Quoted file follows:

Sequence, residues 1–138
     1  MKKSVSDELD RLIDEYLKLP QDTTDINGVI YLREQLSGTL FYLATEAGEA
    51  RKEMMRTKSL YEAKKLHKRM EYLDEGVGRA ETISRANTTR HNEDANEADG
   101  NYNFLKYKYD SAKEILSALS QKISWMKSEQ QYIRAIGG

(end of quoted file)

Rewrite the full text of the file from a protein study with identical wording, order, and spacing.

Sequence, residues 1–138
     1  MKKSVSDELD RLIDEYLKLP QDTTDINGVI YLREQLSGTL FYLATEAGEA
    51  RKEMMRTKSL YEAKKLHKRM EYLDEGVGRA ETISRANTTR HNEDANEADG
   101  NYNFLKYKYD SAKEILSALS QKISWMKSEQ QYIRAIGG